He was a handsome man, tall, vigorous, with tousled black hair. He was a full decade younger than me. (Nearly everyone I worked for was younger than me in those days.) He had distinguished himself on the other side of the desk, and this was a self-enclosed, intimate fiefdom. It was natural for management to be reluctant to “go outside” when the time came to recruit a new leader. Now he was management himself. He didn’t sit around like the rest of us, waiting for the boss’s attention: He was the boss.

What’s the protocol for getting fired? Leap up and storm out? Burst into tears? Be mature and try to help?

He seemed uneasy. “I don’t want to drag this out,” he said. “I’m not going to renew your contract.” We didn’t have actual “jobs”—we had renewable contracts, usually by the year, and no benefits. But the fact remained: I was being fired.

He looked at me. I looked at him. “I can’t afford it,” he went on, brusque and efficient—or at any rate, trying to be brusque and efficient. This was all new territory. “I need to bring in people who can do the work.” He reached down and grabbed a can of Diet Coke off the table.

What was I supposed to say? What was the protocol for getting fired? Did you leap up and storm out of the room? Burst into tears? Be mature and help him out? I quite understand. I’m sure this must be tough for you. Don’t give it another thought. In some region of my mind, I thought he was just floating an idea; it was hypothetical. I was welcome to stay on if I wanted.

Something was happening to me that had happened to so many people before me. I was undergoing a nearly archetypal experience—like watching a child being born or losing a parent. This was one of the events that life threw your way. My chest tightened; I could hardly breathe. The small clock on the desk said five after three. Was it possible that I had been here for only three minutes? It felt like I’d been sitting in this chair for hours. I noticed that the cuff of my shirt was frayed.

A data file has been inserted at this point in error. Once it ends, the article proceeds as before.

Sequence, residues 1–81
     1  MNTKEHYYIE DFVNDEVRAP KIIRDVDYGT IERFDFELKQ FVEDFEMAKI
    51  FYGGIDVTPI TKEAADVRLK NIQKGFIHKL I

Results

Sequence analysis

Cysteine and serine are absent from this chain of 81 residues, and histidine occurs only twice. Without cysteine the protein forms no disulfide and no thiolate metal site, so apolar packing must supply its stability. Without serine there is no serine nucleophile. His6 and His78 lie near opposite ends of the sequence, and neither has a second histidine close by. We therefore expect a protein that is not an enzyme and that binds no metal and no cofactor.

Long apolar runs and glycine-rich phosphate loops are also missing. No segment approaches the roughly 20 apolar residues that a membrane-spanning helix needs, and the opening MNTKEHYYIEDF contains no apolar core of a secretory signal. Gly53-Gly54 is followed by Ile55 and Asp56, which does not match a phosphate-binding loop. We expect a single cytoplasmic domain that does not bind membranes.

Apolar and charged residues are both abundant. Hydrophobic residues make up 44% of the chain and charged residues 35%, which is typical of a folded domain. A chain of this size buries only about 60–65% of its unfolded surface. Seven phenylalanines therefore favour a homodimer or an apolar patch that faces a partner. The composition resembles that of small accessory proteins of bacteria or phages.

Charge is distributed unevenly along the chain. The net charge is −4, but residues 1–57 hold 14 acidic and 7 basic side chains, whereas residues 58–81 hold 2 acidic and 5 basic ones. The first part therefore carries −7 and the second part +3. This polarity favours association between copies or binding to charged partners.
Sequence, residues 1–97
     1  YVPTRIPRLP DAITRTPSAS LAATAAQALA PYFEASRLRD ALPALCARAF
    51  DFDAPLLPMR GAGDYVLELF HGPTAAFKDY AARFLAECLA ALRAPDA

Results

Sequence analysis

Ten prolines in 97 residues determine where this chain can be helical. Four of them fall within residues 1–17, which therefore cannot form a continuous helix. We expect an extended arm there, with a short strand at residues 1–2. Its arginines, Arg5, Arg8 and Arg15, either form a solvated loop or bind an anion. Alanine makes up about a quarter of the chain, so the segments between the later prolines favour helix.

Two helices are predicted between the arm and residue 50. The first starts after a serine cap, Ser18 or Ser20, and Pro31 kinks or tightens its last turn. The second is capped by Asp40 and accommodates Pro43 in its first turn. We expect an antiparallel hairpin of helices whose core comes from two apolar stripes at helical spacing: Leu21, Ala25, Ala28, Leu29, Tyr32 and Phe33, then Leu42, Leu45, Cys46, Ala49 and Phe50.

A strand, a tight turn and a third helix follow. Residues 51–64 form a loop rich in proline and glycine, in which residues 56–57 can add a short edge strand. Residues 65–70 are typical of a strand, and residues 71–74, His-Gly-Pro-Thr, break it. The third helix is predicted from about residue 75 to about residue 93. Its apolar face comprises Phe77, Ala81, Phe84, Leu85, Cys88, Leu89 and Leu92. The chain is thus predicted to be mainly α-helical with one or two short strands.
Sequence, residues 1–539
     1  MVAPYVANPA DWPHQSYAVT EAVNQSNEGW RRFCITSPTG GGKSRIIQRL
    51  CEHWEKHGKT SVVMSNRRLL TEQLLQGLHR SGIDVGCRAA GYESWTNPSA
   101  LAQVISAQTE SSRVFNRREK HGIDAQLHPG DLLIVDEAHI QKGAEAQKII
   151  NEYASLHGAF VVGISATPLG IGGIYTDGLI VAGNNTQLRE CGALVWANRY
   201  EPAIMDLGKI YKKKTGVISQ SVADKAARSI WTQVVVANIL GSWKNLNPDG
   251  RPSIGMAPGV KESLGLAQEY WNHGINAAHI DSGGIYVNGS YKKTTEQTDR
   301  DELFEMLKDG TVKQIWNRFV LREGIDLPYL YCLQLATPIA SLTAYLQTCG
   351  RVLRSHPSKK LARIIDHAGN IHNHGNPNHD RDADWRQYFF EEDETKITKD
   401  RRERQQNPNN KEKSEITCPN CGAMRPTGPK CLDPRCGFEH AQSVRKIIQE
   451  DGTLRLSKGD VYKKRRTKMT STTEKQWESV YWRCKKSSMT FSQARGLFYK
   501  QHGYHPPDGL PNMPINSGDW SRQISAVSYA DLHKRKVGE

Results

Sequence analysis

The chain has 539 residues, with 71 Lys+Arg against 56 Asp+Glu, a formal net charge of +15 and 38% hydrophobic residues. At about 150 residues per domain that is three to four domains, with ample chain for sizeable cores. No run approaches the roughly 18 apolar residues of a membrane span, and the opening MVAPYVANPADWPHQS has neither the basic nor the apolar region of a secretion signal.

The room had the eerie silence that comes over the landscape just before a storm, when the dark clouds are gathering in the distance: Birds cease their chirping, and everything is still. I could hear the bleat of traffic down below on 42nd Street, trucks grinding their gears at a light. I felt alert, aware of the panic clawing at my throat.

It was time to get up and leave, but I wasn’t ready. I thought of Willy Loman refusing to leave his boss’s office the day he’s fired. You’ll have to excuse me, Willy, I gotta see some people. Pull yourself together.

“Why can’t you just put me on a reduced contract?” I pleaded.

“Because I can’t afford it. I’m on a tight budget.” His predecessor had spent a fortune throwing lavish parties, hiring expensive consultants, handing out lucrative contracts. Our expense accounts had been limitless. It was a different company now. The new boss had been instructed by the owner to enforce a measure of fiscal discipline.

“But what am I going to do? I’ve got a family to support.”

“That’s why I asked you in now,” he said. His face softened. This was no fun for him either. “Your contract isn’t up for three months. That should give you time to find something.” He stood up. The interview was over.